HANK PHILLIPPI RYAN: So a theme seems to be emerging. As one always does, right?
About how we find the books we want to read. Why we choose them. What we need to know. What’s going to make a difference.
You know about that high-priced study done recently which sought to discover the answers to those very questions. One thing it asked, specifically, was “What is the number one way you discover a new book?”
What do you think the number one answer was?
Pausing for suspense.
And the answer is: word of mouth.
(However much was paid for that, I could have told them the same thing for, say, half the price.)
Anyway. But what always annoyed me about that—how does the FIRST word-of-mouth begin? That seems to be the better question. How did the FIRST person hear about it in the first place?
And now--a fabulous group of authors figured out a pretty darn ingenious way.
Michael Guillebeau: We mystery readers are always on the prowl for new things like mutilated bodies, serial killers—and stories we’ve never heard before. So these eight writers put together a mystery candy store: chapters and stories and interviews from eight very different award-winning writers, each writing in a different style and sub-genre. And it’s free for download on Amazon on February 20-21 only.
HANK: See? Isn’t that a GREAT idea? Like a book of previews, just a taste, just an introduction (and a whole lot more good stuff inside) to some brand new authors—and some who may already be on your shelves.
But the participants discovered an unexpected benefit—they, too, were introduced to someone new!
And I asked each to tell you about a new favorite writer they found in the process.
Michael Guillebeau: I’d never read Chris Knopf before and now he’s a favorite. His hardboiled-in-the-Hamptons Sam Acguillo is the closest thing to my two fictional idols of Travis McGee and Spencer that I’ve found in years of looking. No wonder he won a Nero. Thanks, Chris.
Chris Knopf: I found Kathleen Cosgrove. I like mysteries, and I like to laugh. With Cosgrove, you get both. Even better for me, she can really write. Getting spunky female protagonists to be believable and engaging, and actually funny, is really hard, but she does it. A great lark, with teeth (read her and you’ll see what I mean.)
Kathleen Cosgrove: I’m thrilled to have found Lisa Alber and KILMOON. She’s a wonderful teller of stories, drawing me into the mystery within the first pages. Her richly drawn characters move about in an Irish setting painted with loving detail. This is both a mystery and a complex and fascinating journey to a place and people that will stay with you long after you close the book.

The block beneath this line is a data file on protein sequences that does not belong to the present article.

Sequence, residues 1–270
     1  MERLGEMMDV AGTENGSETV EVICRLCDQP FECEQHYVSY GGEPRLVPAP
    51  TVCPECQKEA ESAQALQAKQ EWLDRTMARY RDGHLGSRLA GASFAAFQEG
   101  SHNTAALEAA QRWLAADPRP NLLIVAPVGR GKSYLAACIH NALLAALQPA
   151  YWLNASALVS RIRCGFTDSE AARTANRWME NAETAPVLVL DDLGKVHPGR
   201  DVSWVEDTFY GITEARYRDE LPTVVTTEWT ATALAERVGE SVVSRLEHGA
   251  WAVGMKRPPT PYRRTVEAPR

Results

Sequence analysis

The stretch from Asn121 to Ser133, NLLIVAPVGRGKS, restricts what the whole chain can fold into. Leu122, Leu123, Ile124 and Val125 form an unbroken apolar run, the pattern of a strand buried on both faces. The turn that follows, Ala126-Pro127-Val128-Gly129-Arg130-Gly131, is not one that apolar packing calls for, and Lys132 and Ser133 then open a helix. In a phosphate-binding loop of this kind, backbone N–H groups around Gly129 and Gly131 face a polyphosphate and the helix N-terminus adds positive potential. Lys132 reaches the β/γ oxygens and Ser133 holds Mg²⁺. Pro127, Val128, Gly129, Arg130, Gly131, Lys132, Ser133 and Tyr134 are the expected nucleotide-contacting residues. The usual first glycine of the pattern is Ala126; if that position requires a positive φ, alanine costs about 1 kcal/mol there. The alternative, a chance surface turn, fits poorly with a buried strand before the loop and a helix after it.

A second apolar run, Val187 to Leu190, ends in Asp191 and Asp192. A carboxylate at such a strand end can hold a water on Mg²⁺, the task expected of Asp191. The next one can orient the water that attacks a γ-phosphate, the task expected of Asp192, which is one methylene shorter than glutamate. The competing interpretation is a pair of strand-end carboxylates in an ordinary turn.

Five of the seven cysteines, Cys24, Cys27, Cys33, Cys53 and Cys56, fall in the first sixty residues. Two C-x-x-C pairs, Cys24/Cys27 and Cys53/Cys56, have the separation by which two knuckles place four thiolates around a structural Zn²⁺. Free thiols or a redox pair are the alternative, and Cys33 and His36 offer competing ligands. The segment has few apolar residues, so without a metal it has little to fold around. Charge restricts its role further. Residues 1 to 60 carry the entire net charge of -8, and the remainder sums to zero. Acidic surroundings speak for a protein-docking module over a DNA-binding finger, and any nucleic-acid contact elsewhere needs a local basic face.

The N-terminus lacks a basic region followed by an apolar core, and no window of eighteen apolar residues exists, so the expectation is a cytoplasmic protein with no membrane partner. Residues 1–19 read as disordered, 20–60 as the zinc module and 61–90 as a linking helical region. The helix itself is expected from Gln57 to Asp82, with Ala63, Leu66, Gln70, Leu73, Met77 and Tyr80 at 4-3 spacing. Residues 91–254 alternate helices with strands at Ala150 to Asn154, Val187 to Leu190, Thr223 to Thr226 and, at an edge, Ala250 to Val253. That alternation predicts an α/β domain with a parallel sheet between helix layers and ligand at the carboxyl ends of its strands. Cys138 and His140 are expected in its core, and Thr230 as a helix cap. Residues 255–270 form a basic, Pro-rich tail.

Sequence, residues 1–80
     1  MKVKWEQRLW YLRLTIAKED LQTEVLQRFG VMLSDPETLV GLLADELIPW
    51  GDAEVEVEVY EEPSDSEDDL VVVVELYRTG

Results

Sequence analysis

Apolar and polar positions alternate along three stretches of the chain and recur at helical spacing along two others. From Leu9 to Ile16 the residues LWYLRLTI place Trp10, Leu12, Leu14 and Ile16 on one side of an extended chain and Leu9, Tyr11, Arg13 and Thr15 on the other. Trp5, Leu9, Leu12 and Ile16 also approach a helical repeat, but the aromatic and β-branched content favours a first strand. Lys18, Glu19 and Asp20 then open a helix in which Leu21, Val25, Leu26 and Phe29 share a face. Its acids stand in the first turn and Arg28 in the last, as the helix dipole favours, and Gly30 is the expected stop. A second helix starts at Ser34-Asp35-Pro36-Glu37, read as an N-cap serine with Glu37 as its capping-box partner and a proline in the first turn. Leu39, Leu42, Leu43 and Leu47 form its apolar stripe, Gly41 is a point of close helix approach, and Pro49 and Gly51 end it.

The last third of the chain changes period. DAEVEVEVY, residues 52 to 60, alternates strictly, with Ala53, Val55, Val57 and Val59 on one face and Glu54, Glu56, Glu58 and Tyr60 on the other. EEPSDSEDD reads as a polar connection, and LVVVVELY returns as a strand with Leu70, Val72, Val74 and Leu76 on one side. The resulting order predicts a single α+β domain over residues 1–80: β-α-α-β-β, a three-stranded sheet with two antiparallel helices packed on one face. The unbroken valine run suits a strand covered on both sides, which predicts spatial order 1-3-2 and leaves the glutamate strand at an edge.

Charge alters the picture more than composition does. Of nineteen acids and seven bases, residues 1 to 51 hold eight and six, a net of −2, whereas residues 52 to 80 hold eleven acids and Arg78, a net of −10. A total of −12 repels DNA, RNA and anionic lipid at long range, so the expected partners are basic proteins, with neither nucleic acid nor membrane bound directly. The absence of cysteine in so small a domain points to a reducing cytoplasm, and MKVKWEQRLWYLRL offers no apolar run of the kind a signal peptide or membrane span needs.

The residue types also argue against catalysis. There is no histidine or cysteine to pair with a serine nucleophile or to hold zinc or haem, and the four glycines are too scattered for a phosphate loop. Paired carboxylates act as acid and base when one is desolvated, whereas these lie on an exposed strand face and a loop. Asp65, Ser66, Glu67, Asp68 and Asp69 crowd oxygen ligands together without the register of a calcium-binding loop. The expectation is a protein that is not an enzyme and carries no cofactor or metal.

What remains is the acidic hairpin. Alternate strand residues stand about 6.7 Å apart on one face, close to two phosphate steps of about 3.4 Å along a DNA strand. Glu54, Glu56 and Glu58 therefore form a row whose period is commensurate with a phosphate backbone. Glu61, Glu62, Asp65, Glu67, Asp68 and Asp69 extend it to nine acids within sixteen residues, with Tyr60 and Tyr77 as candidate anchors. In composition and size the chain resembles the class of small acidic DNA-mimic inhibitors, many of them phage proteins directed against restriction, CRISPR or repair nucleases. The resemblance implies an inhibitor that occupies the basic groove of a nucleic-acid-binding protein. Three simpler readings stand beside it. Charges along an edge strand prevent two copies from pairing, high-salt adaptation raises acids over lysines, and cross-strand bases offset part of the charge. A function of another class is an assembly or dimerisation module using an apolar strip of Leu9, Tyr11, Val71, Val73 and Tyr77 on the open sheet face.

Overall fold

If we’re talking about wonderful storytelling, then what is it about Southern
writing? I love it, so imagine my delight to discover Larissa Reinhart. Cherry
Tucker, her protagonist, is a lot spunky, a little redneck, and a classically
trained painter to boot. I love the artistic details Larissa incorporates into
her mysteries, not to mention the hint of romantic suspense. "Southern
charm," that’s the phrase I’m looking for!
Larissa Reinhart: Despite the lighthearted, colorful world I write about, as a reader, I love the grittiness of hardboiled crime writing. I've found more heroes to root for in Jaden Terrell's private investigator Jared McKean and Detective Thomas Booker. The fact that I can find these hard-edged detectives with hearts of gold in Southern fiction is an added plus. I'm so happy to add Terrell's works to my TBR pile.
Jaden Terrell: I met Jessie Powell at Killer Nashville and knew she was sharp, dependable, and fun to be around. What I didn't know, until I read MARRIAGE AT THE RUE MORGUE, was that she's also a wicked good writer. She calls her style 'cozy noir,' a great description of this novel, which incorporates traditional cozy elements with serious issues. And monkeys. Everything's better with monkeys.
Jessie Bishop Powell: I found Cat Enright and her author Lisa Wysocky and stayed up past midnight reading THE OPIUM EQUATION. Cat is the perfect combination of badass and plausible, more than capable of rescuing herself from a crisis, but fallible enough to walk into one.
Lisa Wysocky: Any book that starts with, “I only took this job to get fired,” has to be good. Michael Guillebeau delivers (and then some) in JOSH WHOEVER. From a very real protagonist to the Russian mob, the fast-paced writing crackles with fun, humanity, heroes, and hope. I am thrilled to have found another “unputdownable” author.
MICHAEL: And don’t forget that free download on Feb 20-21! Here's the link! http://www.amazon.com/Eight-Mystery-Writers-Should-Reading-ebook/dp/B01A9SBOMU/
HANK: And yes, I wrote the introduction—and so honored to do so.
So Reds, how did you hear of the last new book you bought? Not that you necessarily liked it, just: HOW? WHY did you buy it? Let’s see—I found David Taylor’s Night Work at a bookstore signing. I LOVED it, and now it’s an Edgar nominee. (Not that those are connected….)
How about you?